Every story is about how the hero changes. In most cases, the hero changes into a better person but in tragedies, the hero changes into a worse person. In either case, stories must show change.
However, no hero changes drastically from one type of person to another. Instead, heroes must change gradually in four stages:
The reason why every hero starts off in a dead end life is because they hold a limiting belief about themselves. Luke in “Star Wars” initially lacks confidence in himself. Rose in “Titanic” believes she has no choice but to marry a man she doesn’t love just for his money. Initially, what holds the hero back is their own fear.
The hero wants to change, but he or she is too afraid to even try.
The second stage occurs when the hero summons up the courage to try, and suddenly finds themselves in a new, unfamiliar world. At this point, the hero still clings to their limiting belief, but also acts like they’ve embraced a more empowering belief.
The end result is that the hero manages to achieve initial success despite not giving up their limiting belief. This initial success tempts the hero into holding on to their limiting belief because they’re actually getting what they want.
In “Legally Blonde,” the hero still thinks she needs a man, but she starts doing well in law school. In “Tootsie,” the hero still treats women poorly, but he’s become a successful actor masquerading as a woman on a popular soap opera.
Fear tries to keep the hero from changing. Success tries to keep the hero from changing because they’re getting what they want.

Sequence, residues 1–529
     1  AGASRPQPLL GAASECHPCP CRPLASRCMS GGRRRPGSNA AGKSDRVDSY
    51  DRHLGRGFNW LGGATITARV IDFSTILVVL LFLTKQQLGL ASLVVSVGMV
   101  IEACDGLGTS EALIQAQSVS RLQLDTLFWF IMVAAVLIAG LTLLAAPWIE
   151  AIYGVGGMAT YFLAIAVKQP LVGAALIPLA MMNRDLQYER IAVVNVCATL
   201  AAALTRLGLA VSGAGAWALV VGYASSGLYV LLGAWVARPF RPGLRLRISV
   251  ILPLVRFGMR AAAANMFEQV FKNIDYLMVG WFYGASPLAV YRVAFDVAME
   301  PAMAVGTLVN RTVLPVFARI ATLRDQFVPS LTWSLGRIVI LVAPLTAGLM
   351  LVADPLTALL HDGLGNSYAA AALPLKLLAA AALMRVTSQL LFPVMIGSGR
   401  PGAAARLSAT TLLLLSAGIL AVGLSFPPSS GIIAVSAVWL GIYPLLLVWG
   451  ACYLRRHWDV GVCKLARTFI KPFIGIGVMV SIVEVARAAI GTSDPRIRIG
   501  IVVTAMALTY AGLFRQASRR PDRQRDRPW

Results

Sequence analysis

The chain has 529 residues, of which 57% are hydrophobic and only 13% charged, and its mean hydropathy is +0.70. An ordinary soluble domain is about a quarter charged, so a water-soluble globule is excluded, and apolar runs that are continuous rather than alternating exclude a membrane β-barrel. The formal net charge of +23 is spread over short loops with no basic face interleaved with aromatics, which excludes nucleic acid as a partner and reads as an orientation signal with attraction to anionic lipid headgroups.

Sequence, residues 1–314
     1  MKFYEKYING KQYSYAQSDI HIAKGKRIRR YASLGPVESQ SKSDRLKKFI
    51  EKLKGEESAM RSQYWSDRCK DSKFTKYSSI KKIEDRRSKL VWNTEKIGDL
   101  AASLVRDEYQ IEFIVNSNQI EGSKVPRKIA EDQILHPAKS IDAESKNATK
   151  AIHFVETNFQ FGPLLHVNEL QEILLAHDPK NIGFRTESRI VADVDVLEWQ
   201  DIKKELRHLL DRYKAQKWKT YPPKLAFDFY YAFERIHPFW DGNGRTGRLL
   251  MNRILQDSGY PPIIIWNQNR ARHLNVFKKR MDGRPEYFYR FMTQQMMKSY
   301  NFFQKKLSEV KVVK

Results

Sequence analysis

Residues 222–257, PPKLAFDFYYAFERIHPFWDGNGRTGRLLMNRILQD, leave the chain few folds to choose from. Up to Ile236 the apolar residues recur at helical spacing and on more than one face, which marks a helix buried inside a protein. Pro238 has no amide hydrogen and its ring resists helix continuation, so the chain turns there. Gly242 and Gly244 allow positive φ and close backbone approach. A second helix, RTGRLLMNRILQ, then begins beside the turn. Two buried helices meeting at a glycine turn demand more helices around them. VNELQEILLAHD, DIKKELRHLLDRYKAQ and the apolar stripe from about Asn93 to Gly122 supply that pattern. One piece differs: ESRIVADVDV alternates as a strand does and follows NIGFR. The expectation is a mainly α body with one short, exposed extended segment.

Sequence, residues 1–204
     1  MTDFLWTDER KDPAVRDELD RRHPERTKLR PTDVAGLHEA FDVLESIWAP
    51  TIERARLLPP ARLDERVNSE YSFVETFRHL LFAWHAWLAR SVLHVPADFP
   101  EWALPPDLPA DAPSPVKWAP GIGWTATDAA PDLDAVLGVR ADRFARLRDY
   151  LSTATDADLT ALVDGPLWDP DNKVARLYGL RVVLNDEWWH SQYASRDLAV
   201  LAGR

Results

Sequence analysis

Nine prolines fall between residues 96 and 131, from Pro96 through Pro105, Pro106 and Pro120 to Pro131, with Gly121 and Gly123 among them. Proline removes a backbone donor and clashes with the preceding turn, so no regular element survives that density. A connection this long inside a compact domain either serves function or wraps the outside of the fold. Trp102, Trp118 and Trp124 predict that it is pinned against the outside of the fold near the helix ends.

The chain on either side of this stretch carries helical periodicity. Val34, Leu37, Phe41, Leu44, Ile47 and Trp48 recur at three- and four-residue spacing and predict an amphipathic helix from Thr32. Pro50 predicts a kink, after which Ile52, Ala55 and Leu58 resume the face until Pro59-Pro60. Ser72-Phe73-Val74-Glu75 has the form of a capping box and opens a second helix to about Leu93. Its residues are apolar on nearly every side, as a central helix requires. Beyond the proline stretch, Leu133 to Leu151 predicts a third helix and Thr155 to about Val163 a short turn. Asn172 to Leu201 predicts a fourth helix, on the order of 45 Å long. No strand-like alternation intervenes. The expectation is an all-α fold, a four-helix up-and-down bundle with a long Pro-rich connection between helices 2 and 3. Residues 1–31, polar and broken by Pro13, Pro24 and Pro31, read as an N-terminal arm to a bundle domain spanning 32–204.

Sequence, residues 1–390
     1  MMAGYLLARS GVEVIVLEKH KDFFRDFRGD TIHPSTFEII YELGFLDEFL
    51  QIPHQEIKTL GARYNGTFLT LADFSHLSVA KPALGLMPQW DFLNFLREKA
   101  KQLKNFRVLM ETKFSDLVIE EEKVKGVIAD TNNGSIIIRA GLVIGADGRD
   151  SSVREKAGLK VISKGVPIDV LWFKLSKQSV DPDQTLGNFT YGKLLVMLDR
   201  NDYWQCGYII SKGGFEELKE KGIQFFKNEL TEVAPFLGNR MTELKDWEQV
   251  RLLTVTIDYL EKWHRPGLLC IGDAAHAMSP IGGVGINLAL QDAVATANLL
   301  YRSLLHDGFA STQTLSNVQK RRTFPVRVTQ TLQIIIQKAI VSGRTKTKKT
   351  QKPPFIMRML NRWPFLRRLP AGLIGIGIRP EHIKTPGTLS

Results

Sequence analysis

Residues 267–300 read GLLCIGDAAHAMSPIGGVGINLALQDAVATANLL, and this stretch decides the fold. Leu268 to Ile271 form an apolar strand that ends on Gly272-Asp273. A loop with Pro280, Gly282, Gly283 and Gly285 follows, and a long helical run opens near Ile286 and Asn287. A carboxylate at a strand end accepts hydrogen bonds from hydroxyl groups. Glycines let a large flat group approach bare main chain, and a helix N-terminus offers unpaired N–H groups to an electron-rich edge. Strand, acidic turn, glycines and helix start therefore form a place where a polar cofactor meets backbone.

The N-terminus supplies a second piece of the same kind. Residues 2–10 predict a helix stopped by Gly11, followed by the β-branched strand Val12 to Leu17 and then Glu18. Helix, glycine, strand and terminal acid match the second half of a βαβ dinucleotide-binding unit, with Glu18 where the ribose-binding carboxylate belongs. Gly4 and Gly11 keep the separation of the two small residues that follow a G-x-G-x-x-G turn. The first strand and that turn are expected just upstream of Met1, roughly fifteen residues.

Suddenly, the hero’s life starts falling apart. That’s when temptation appears to keep the hero from changing. Temptation offers the hero what they want in exchange for giving up what they really need.
In “It’s a Wonderful Life,” the villain offers the hero a well-paying job to tempt him away from running his savings & loan. Once the hero leaves the savings & loan, the villain will be able to destroy it and take over the town.
By offering the hero a well-paying job, the villain tempts the hero with financial success that the hero always dreamed about. If the hero takes this temptation, he can never become a better person.
In “Tootsie,” the hero has achieved tremendous popularity and success on a soap opera, playing a woman. The temptation is that if he continues hiding his identity as a man, he can stay in the soap opera and remain rich and popular, but he’ll never get to fall in love with his co-star.
Once the hero turns away from temptation, the final stage involves danger. The villain has tried to use temptation to keep the hero from changing. Now the villain uses danger to keep the hero from changing. This involves a direct threat to the hero from the villain.
In “Terminator 2,” the villain directly attacks the hero (the good Terminator). The final battle in every story involves the villain threatening the hero. By defeating the hero, the villain can keep the hero from becoming a better person.
So when outlining our story, think about these four stages to keep the hero from changing: fear, success, temptation, and danger. When your hero can overcome these four stages, he or she will finally change into a better (or worse) person than they were in the beginning.